Monsanto Employee Admits an Entire Department Exists to “Discredit” Scientists

Dare to publish a scientific study against Big Biotech, and Monsanto will defame and discredit you. For the first time, a Monsanto employee admits that there is an entire department within the corporation with the simple task of ‘discrediting’ and ‘debunking’ scientists who speak out against GMOs.

The WHO recently classified glyphosate, a chemical in Monsanto’s best-selling herbicide Roundup, as carcinogenic — news that is really heating things up with biotech. So Monsanto has been demanding that the World Health Organization (WHO) and the International Agency for Research on Cancer (IARC) retract their statements about the poisons’s toxicity to human health.

The company demands this even though a peer-reviewed study published in March of 2015 in the respected journal, The Lancet Oncology, conducted a analysis proving that glyphosate was indeed ‘probably carcinogenic.’

Monsanto’s vice president of global regulatory affairs Philip Miller told Reuters the following in interview:

“We question the quality of the assessment. The WHO has something to explain.”

It has already been explained, Mr. Miller. The study states:

“Glyphosate is a broad-spectrum herbicide, currently with the highest production volumes of all herbicides. It is used in more than 750 different products for agriculture, forestry, urban, and home applications. Its use has increased sharply with the development of genetically modified glyphosate-resistant crop varieties. Glyphosate has been detected in air during spraying, in water, and in food. There WAS limited evidence in humans for the carcinogenicity of glyphosate.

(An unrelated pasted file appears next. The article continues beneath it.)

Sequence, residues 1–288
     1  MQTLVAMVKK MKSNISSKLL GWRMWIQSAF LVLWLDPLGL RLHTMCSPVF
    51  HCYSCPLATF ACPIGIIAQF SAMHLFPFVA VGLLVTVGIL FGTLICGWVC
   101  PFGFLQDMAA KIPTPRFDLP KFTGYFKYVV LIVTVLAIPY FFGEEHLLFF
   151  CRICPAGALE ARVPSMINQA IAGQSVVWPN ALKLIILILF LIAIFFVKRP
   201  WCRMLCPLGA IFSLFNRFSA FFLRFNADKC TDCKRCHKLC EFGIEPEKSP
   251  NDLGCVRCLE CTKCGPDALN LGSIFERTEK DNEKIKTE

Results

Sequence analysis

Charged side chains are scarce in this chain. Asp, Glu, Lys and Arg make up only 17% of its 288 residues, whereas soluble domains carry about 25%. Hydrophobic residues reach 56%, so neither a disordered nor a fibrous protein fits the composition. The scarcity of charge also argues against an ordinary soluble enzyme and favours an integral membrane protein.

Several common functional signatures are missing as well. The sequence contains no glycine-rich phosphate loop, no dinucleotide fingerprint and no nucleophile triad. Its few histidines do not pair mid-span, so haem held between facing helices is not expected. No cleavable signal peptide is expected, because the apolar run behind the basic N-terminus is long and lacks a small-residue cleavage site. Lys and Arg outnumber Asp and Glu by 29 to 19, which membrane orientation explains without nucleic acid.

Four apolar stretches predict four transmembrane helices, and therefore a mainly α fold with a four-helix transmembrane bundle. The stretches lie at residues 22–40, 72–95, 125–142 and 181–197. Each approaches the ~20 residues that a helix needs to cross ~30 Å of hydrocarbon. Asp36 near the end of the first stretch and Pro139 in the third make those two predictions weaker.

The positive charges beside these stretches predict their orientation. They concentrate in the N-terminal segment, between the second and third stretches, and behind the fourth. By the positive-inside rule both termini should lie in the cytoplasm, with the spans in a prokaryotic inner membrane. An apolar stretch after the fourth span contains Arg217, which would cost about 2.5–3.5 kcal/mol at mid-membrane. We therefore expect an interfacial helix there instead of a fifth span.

Glyphosate has been detected in the blood and urine of agricultural workers, indicating absorption. Soil microbes degrade glyphosate to aminomethylphosphoric acid (AMPA). Blood AMPA detection after poisonings suggests intestinal microbial metabolism in humans. Glyphosate and glyphosate formulations induced DNA and chromosomal damage in mammals, and in human and animal cells in vitro. One study reported increases in blood markers of chromosomal damage (micronuclei) in residents of several communities after spraying of glyphosate formulations.”

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